MarketInk: Public radio veteran Deanna Mackey returns to KPBS as Managing Director

Deanna Mackey
Deanna Mackey

KPBS, San Diego’s public broadcasting service and national public radio affiliate with studios at San Diego State University, has named a public radio veteran and SDSU graduate as its new general manager. .

Deanna Mackey, a 1988 journalism and political science graduate, will oversee KPBS Radio 89.5-FM and 97.7-FM, KPBS-TV and associated digital platforms.

Mackey succeeds associate chief executive Nancy Worlie, who had served as interim chief executive since 2021, following the retirement of Tom Karlo, who served as chief executive for 11 years.

SDSU said Mackey was the first Latina to hold the position. Mackey begins his new job on June 30.

Mackey started working at KPBS in 1985 as an editorial assistant while attending SDSU. She left KPBS in 1987 to become editor of the Daily Aztec, the university’s student newspaper, and to work in radio news and magazine publishing.

She returned to KPBS in 1990 and remained there for 25 years, serving in a variety of roles including Editor-in-Chief of On Air magazine (1990-1992), Media Relations Coordinator (1992-1994), Director of Public Information (1994-1998), Managing Partner (1998-2009) and Station Manager-Chief Operating Officer (2009-2015).

Mackey has spent the past seven years as chairman and chief executive of the Public Television Major Market Group, an umbrella organization comprised of the nation’s largest public television stations, representing nearly 70% of the nation’s audience.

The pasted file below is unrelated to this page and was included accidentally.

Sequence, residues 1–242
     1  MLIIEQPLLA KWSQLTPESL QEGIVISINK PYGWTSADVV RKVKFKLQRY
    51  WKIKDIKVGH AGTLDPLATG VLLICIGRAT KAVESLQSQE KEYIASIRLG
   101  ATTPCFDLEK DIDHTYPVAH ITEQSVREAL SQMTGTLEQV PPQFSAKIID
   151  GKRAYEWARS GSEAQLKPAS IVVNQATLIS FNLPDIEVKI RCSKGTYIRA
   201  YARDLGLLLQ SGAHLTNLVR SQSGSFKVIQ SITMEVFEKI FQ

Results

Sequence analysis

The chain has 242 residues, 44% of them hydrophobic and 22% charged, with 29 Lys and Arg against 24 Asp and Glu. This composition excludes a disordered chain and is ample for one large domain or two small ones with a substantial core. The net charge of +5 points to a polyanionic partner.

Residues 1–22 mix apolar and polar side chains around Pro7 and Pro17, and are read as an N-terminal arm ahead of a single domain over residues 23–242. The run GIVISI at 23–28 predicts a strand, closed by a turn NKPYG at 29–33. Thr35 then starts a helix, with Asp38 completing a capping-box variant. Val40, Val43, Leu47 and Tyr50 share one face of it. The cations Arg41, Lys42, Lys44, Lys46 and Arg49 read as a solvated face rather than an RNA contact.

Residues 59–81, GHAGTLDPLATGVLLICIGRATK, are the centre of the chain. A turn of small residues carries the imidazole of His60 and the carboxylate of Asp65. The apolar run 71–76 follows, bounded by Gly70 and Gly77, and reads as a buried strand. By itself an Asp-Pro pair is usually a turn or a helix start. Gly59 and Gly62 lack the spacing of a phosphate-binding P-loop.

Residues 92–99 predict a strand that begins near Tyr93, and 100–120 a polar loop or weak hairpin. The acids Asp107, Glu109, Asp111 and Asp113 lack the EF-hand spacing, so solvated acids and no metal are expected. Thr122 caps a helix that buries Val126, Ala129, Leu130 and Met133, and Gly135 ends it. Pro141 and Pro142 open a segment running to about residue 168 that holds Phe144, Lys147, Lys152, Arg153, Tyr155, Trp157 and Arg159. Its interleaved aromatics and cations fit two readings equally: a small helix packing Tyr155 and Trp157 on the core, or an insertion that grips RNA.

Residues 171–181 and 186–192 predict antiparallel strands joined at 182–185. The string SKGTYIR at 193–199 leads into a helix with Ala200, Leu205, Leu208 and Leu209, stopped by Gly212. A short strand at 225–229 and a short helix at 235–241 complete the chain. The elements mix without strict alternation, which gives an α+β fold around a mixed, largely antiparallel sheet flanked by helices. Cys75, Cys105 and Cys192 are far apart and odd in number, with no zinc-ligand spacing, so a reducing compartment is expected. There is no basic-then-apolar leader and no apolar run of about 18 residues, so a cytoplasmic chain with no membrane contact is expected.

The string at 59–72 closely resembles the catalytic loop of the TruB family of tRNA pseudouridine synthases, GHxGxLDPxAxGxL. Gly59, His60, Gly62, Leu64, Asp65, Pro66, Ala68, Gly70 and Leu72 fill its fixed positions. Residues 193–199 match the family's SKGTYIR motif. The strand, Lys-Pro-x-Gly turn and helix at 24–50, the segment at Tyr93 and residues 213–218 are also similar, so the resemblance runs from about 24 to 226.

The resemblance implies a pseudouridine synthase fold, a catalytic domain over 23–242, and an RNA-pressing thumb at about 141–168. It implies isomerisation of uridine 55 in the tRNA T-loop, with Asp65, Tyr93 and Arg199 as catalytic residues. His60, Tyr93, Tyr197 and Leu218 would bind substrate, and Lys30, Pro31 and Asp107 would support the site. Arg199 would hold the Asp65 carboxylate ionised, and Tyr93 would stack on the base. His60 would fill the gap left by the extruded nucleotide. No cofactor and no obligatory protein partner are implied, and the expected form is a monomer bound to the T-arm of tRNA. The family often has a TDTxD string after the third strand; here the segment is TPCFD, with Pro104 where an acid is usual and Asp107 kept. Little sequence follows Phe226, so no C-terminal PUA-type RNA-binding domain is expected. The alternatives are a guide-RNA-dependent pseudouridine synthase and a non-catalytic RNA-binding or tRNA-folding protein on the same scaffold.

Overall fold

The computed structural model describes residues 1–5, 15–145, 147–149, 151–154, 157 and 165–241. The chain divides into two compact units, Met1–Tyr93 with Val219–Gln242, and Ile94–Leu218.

Now she has returned to KPBS to lead a team of 180 employees and an annual budget of over $37 million.

Mackey admits she has long had her eye on the post of chief executive of KPBS.

“Certainly,” she told The San Diego Times. “The past seven years have been a great experience, sharing ideas and collaborating with leaders in public media nationwide. However, over the years, I have often been enthused thinking about how this or that program might work at KPBS.

“Now I am honored to have the opportunity to bring my 25 years of experience at the station, my deep San Diego roots and my national perspective, and return to this leadership role. It is a testament to the training fundamental that SDSU gave me as a student, for me it’s like coming home.

Mackey takes the reins at a time of controversy over the Corporation for Public Broadcasting’s half-billion-dollar federal grant and complaints from conservatives about public media news coverage.

In the university’s statement on Mackey’s appointment, President Adela de la Torre noted, “KPBS demands collaborative, forward-looking and thoughtful leadership, especially given the growing polarization in journalism.”

“People have a choice of which media sources to access,” Mackey said, “but I think public media offers a well-rounded and comprehensive approach. With any KPBS newscast, the viewer can rest assured that “He gets a story that offers all sides. The annual federal investment in public media equals $1.40 per American. So the amount is very small.”